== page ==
EV-13David and I are back with another episode of The Eclipse Viewer, the podcast dedicated to the Criterion Collection’s Eclipse Series of DVDs.

In this episode, we talk about the first three films included in Eclipse Series 1: Early Bergman, a five-film set. If you’ve followed this blog over the past year, you know that I am a big fan of Ingmar Bergman, so I am thrilled to be covering these early works. While they are not nearly the masterpieces he would direct later in his career, these films are still worthwhile on their own but especially as an exploration into Bergman’s development.

The first film we talk about, Torment (1944), though in a way Bergman’s first film, actually was not directed by Bergman but by Alf Sjöberg. Bergman wrote it. It’s a moody schoolboy story that apparently actually did lead to investigations into how schools were run in Sweden at the time.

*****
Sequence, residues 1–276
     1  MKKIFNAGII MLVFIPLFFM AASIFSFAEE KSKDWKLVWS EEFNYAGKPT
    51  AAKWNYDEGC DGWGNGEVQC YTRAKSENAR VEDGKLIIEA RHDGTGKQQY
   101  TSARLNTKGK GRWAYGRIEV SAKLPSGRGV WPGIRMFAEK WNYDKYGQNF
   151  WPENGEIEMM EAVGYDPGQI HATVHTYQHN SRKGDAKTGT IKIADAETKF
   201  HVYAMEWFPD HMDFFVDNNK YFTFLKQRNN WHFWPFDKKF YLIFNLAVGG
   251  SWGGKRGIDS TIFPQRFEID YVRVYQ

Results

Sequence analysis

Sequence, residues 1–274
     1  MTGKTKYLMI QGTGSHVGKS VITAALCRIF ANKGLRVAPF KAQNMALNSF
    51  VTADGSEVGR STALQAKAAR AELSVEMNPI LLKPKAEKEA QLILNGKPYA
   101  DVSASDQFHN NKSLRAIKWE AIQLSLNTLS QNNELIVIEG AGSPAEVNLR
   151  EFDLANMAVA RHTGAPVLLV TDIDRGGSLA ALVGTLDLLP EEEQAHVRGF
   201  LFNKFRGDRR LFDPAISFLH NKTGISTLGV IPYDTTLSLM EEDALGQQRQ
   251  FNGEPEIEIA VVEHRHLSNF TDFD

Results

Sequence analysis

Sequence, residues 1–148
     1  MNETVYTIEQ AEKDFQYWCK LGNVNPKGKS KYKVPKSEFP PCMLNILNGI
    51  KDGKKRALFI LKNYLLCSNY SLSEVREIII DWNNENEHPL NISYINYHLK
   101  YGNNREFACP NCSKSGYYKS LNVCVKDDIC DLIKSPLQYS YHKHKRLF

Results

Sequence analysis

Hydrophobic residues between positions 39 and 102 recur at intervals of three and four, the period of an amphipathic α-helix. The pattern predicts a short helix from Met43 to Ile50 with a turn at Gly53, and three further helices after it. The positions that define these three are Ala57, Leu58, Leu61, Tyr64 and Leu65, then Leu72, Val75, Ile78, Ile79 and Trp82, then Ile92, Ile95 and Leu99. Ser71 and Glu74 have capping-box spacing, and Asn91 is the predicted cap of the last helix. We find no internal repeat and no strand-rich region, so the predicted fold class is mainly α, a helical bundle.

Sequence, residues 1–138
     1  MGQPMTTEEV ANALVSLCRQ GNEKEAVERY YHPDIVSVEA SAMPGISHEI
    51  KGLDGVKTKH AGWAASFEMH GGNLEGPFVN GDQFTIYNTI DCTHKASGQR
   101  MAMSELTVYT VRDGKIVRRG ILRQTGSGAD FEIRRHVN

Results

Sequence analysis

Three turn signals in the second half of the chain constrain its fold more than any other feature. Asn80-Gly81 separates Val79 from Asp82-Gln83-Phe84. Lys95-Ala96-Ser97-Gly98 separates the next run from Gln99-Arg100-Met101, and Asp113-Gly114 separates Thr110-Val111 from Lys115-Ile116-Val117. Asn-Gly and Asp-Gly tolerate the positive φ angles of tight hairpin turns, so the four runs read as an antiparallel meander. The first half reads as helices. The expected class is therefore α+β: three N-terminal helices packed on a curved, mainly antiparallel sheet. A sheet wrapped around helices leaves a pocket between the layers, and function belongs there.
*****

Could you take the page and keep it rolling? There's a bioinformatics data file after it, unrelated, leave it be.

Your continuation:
Crisis (1946), the next feature, is Bergman’s directorial debut. He takes us to a small town where Miss Ingeborg has been raising Nelly as her own daughter. One day, when Nelly is around eighteen, her real mother shows up from the city, bringing quite a bit of baggage though also offering Nelly an escape. This film offers an early Bergman study on the relationship between love and selfishness.

The third feature is Port of Call (1948), Bergman’s foray into neo-realism. This film begins on the docks: Gösta is a sailor on leave, just returning to land and trying to get his feet on the ground; Berit is first shown walking off the pier, seeking her own demise, but she is rescued. They find each other at a crowded dance, though Gösta is sorely tempted to leave her when he discovers Berit has a past.

Please find the podcast, the shownotes, and plenty of links over at CriterionCast here.

Early Bergman

In the next episode of The Eclipse Viewer, which will be coming out soon since we recorded it already, David and I will be finishing our discussion of Eclipse Series 1: Early Bergman, covering the final two films in the set, Thirst (1949), and To Joy (1949).

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